skip to main content
skip to newscasts

Tuesday, April 23, 2024

Public News Service Logo
facebook instagram linkedin reddit youtube twitter
view newscast page
play newscast audioPlay

Day two of David Pecker testimony wraps in NY Trump trial; Supreme Court hears arguments on Idaho's near-total abortion ban; ND sees a flurry of campaigning among Native candidates; and NH lags behind other states in restricting firearms at polling sites.

view newscast page
play newscast audioPlay

The Senate moves forward with a foreign aid package. A North Carolina judge overturns an aged law penalizing released felons. And child protection groups call a Texas immigration policy traumatic for kids.

view newscast page
play newscast audioPlay

Wyoming needs more educators who can teach kids trade skills, a proposal to open 40-thousand acres of an Ohio forest to fracking has environmental advocates alarmed and rural communities lure bicyclists with state-of-the-art bike trail systems.

Rock and a Hard Place: Experts Urge Care When Exploring NC Waterways

play audio
Play

Thursday, June 14, 2018   

FRANKLIN, N.C. – There's no shortage of creeks and streams in North Carolina to enjoy this weekend, but while exploring, experts advise outdoor enthusiasts to take care before moving rocks and changing habitat.

The rocks and area surrounding them provide natural homes for insects, frogs and salamanders, and Jason Meader, aquatics program manager with Mainspring Conservation Trust, says innocent disturbances from curious explorers have an impact.

"When you move those rocks, when you disturb those to a large extent, you dislodge the insects, they drift downstream and, over time, with enough impact, you could probably notice a degradation in that area," he explains.

Meader says child's play – moving smaller rocks and wading in the water – is less of a concern. He adds that the exploration by our youngest generations is important to cultivate an appreciation for the outdoors.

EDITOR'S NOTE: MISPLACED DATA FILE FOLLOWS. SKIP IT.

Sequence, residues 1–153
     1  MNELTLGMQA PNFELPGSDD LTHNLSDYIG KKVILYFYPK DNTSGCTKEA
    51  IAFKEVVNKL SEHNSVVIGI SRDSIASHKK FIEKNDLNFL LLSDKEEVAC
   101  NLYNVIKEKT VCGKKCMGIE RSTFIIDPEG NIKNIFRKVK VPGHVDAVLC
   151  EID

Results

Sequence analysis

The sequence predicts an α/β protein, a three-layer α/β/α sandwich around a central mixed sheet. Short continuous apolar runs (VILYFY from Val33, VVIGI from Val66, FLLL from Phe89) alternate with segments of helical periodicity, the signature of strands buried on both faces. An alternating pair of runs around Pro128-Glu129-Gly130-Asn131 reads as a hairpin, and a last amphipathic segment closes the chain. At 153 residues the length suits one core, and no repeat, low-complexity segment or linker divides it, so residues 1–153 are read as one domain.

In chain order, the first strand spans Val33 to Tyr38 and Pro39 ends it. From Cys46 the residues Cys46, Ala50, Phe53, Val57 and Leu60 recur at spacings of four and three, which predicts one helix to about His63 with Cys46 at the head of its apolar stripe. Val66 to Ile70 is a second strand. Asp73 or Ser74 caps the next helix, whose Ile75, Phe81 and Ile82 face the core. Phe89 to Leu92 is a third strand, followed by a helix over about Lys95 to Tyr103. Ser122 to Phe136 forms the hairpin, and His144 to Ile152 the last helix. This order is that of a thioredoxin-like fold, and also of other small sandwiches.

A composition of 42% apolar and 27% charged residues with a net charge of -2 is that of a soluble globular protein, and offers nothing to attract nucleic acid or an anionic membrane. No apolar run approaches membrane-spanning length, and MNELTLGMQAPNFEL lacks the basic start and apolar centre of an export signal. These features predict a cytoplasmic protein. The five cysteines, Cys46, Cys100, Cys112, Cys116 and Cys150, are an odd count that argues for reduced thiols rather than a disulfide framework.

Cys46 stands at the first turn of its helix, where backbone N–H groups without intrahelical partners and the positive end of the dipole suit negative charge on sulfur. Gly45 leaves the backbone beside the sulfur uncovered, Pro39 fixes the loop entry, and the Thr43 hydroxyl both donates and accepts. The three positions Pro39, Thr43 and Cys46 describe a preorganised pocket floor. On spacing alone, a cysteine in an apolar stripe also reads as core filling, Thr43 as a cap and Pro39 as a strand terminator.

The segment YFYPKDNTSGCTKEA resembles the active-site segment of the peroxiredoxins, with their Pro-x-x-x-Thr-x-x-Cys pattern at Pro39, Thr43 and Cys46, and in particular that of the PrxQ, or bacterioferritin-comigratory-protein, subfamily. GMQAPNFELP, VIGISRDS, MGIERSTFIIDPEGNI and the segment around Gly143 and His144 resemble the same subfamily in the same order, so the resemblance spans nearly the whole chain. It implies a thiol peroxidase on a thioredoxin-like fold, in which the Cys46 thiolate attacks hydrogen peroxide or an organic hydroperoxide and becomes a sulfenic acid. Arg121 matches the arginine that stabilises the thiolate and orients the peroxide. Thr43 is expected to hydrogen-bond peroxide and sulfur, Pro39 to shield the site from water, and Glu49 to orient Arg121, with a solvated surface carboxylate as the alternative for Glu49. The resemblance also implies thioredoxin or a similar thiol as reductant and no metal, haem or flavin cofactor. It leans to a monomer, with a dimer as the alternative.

In most national parks, moving or disturbing rocks is against the rules and rangers are encouraged to knock down rock piles.

Recent heavy rain and flooding have changed the water flow in many of the state's waterways, but Renee Fortner, watershed resources manager with the environmental nonprofit Riverlink, says Mother Nature is prepared for natural changes in the landscape.

"The flooding, it certainly has an impact on the aquatic wildlife, but they're also adapted to it,” she explains. “It's part of the ecosystem that they live in and they certainly adjust to those changes and the impacts of flooding a lot better than humans do."

Meader says a good rule of thumb is to avoid moving extremely large rocks or disturbing wildlife in an area with heavy visitor traffic.

"The kids, when they get out in just ankle or knee deep water and they pick up a few rocks, it's not the end of the world,” he allows. “If you have adults that are capable that are lifting much larger and heavier rocks, you're altering the stream system."

North Carolina's hellbender salamander is among the species impacted when rocks are moved. The animal is on the endangered species list for North Carolina and the federal list of species of concern.


get more stories like this via email

more stories
Several Mississippi correctional facilities offer both short-term (12 weeks) and long-term (six months) alcohol and drug programs with individual and group counseling for treating alcohol and drug addictions. (Wesley JvR/peopleimages.com)

Social Issues

play sound

Mississippi prisons often lack resources to treat people who are incarcerated with substance-use disorders adequately but a nonprofit organization is …


Social Issues

play sound

April is Second Chance Month and many Nebraskans are celebrating passage of a bipartisan voting rights restoration bill and its focus on second chance…

Health and Wellness

play sound

New Mexico saw record enrollment numbers for the Affordable Care Act this year and is now setting its sights on lowering out-of-pocket costs - those n…


Migrants are put on buses from Texas to other states, often without knowing where they are going. (afishman64/Adobe Stock)

Social Issues

play sound

The future of Senate Bill 4 is still tangled in court challenges. It's the Texas law that would allow police to arrest people for illegally crossing …

Social Issues

play sound

Residents in a rural North Carolina town grappling with economic challenges are getting a pathway to homeownership. In Enfield, the average annual …

Social Issues

play sound

A new poll finds a near 20-year low in the number of voters who say they have a high interest in the 2024 election, with a majority saying they hold …

Social Issues

play sound

A case before the U.S. Supreme Court could have implications for the country's growing labor movement. Justices will hear oral arguments in Starbucks …

 

Phone: 303.448.9105 Toll Free: 888.891.9416 Fax: 208.247.1830 Your trusted member- and audience-supported news source since 1996 Copyright 2021